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Introduction: Personalized Views of Personalization

Our vocabulary of Internet-related words has become socially popular and, of course, an essential tool of trade in the hands of marketing initiatives. I recall in the early 1990s when words like "agent" and "multimedia" were so overused they became little more than meaningless marketing spin.
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In 1994 I served as guest editor for Communications’ special issue on intelligent agents with the goal of providing some insight into the use of the word "agent." In that issue, I posed questions that served to provide useful perspectives as to what agent research and its utility were about. I invited an expert(s) relative to each question to discuss and define the important issues.

Our responsibility in using terms like "agent," "multimedia," or "personalization" is to clearly define the use of the word. Today, terms like "e-business," "e-commerce," "m-commerce," and "personalization" are used in relationship to our Darwinian Digital World enabled by IP communication over the Internet with its existing infrastructure realized in wireless, wired (optic and traditional), and cable networks.

What is personalization? Is it a better way to communicate and to do business? Is it customer-relationship management or one-to-one relationships? How will it help business-to-business relationships? What are its potential roles in education?

Is personalization hype or opportunity? I take the position it’s opportunity, but it must be defined clearly and it must be designed to be useful and usable. I suggest that personalization is not a silver bullet, but instead is part of the following prime directive for business: Give the customer a high-quality product or service they really need and can use at the "best" (lowest) price, and give the customer high-quality service with integrity. Do this and the result will be successful corporate branding and customer loyalty.

Simply stated from one point of view, personalization is about building customer loyalty by building a meaningful one-to-one relationship; by understanding the needs of each individual and helping satisfy a goal that efficiently and knowledgeably addresses each individual’s need in a given context. To extend this point, it is about the mapping and satisfying of a user’s/customer’s goal in a specific context with a service’s/business’s goal in its respective context. Clearly, this is a difficult problem.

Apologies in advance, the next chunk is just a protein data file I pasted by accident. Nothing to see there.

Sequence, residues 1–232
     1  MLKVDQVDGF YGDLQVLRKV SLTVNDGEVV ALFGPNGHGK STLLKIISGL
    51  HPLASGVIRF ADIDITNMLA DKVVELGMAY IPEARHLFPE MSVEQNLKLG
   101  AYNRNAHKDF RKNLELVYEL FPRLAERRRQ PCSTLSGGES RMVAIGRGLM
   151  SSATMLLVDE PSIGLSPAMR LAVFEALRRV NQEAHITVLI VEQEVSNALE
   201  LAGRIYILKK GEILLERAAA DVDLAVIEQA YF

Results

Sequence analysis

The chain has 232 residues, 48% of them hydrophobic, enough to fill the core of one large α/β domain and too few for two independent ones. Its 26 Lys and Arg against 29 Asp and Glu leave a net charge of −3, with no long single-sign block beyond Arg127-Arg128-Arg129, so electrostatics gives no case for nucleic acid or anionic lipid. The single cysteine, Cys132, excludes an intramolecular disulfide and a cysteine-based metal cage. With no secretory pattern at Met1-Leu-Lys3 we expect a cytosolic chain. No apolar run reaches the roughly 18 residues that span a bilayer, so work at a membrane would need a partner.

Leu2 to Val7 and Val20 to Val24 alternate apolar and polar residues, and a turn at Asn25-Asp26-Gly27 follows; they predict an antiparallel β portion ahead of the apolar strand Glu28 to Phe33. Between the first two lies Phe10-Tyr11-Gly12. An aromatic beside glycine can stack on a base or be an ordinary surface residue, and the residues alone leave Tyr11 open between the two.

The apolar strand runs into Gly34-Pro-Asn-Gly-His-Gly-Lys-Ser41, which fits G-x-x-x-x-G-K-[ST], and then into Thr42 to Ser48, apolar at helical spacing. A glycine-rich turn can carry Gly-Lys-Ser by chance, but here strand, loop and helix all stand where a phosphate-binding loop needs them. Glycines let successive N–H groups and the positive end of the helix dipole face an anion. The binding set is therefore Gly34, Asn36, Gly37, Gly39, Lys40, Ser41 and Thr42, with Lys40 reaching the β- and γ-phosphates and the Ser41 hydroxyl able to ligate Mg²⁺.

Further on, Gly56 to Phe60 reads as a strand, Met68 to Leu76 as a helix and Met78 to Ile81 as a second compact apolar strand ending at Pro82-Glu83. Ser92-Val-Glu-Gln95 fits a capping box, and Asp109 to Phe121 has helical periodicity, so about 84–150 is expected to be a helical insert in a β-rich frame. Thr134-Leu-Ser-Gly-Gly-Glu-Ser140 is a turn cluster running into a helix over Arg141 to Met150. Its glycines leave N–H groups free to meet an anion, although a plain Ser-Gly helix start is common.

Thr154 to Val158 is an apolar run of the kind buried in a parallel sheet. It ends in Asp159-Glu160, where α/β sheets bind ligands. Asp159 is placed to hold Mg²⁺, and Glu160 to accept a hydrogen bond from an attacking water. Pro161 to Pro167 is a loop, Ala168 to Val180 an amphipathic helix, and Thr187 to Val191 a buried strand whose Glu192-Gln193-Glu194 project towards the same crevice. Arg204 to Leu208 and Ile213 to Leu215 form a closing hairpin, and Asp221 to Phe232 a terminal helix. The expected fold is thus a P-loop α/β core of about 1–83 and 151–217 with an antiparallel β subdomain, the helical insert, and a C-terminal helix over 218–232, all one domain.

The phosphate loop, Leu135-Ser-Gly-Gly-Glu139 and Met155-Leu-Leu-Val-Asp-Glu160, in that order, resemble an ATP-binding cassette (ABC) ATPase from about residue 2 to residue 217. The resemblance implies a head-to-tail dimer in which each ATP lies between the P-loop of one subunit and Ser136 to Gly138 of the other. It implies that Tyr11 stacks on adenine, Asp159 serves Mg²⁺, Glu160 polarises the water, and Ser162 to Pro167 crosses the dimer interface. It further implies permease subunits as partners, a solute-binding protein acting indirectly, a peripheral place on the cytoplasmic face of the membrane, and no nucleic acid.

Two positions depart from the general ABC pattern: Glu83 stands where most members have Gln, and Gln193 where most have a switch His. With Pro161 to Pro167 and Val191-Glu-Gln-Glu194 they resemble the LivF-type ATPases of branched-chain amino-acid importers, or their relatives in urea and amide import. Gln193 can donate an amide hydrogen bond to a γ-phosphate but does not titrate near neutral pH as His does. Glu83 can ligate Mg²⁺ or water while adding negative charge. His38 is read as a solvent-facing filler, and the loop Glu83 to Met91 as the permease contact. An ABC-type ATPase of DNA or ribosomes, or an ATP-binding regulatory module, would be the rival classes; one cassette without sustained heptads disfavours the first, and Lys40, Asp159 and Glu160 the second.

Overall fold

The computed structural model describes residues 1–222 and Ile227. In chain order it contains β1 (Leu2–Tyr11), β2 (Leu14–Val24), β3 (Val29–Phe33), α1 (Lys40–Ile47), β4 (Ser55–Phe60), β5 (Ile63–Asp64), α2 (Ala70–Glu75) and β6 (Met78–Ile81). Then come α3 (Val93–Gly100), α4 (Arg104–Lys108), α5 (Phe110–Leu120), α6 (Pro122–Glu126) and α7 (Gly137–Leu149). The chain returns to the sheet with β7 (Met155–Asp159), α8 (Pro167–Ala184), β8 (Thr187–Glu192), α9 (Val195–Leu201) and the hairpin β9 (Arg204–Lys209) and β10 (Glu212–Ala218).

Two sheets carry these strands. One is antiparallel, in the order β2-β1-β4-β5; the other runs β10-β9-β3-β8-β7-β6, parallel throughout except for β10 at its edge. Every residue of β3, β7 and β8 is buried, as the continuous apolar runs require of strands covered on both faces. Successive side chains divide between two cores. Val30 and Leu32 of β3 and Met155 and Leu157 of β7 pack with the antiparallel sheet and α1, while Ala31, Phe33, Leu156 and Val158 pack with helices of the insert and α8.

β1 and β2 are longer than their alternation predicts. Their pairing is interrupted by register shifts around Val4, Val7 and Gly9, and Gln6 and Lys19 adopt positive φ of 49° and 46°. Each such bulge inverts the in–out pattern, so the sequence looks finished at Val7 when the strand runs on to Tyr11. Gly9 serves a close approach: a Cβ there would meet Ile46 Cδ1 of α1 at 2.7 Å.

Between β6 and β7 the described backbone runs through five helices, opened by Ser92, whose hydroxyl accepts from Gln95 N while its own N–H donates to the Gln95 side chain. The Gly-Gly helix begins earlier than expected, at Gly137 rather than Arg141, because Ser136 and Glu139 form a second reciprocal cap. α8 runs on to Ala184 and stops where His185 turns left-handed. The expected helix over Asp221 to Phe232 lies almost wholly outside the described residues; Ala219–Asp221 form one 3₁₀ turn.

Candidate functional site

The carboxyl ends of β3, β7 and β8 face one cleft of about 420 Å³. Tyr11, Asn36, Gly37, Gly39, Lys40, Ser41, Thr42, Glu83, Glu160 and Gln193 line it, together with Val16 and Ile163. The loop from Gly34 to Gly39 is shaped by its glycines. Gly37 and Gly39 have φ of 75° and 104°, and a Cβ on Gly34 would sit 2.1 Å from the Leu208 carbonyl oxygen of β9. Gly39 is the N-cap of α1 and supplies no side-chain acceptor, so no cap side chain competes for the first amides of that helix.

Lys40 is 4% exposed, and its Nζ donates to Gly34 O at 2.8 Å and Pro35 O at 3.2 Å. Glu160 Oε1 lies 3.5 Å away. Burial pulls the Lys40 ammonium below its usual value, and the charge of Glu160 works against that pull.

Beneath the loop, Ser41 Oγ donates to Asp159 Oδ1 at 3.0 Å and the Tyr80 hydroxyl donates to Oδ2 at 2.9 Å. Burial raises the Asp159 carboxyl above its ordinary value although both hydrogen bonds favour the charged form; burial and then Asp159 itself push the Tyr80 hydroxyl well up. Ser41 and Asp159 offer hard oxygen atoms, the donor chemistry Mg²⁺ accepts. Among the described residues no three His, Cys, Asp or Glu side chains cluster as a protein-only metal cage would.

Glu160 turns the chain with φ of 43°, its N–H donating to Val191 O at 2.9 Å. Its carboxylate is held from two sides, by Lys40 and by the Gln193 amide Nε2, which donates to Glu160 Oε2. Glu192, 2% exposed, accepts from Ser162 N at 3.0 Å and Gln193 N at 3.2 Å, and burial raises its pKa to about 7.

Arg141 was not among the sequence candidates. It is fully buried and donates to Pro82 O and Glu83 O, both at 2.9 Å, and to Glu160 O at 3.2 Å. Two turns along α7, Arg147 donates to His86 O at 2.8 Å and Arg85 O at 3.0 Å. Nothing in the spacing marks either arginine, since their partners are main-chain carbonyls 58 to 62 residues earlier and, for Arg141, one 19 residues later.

Let us start with two key points. First, personalization is not restricted to the Internet. Personalization must be realized at all user/customer interfaces—the Internet, brick-and-mortar, call centers, and various voice/telephony services using automatic speech recognition and text to speech (ASR/TTS) or dual-tone multifrequency (DTMF or touch-tone). Second, personalization does not require a service or product to be able to identify each user/customer. For example, a given service could be designed and deployed to address the needs of farmers in New Jersey without ever identifying an individual user/farmer. If the design was done extremely well, then it is possible that New Jersey farmers could believe such a service was personalized for each of them.

In this section on personalization, I have again formulated a series of questions and invited experts to provide their answers, solutions, and most importantly, valuable insights. The presentation of this material is intended to provide many different views that may form into various subsets and intersections. There is no single answer or solution to personalization, for that would not be personalized for each reader of this publication. Instead, think of the articles in this section as members of a set of views, ideas, and instances of research and development. They can be formulated and reformulated by you, the reader, into various subsets and partial orderings. The ideas discussed by the experts herein can be formed together to address your personal needs relative to the topic of personalization in a given context.

The articles have been categorized into four basic areas that focus on: the business of personalization, the human element, deeper issues, and enabling technologies.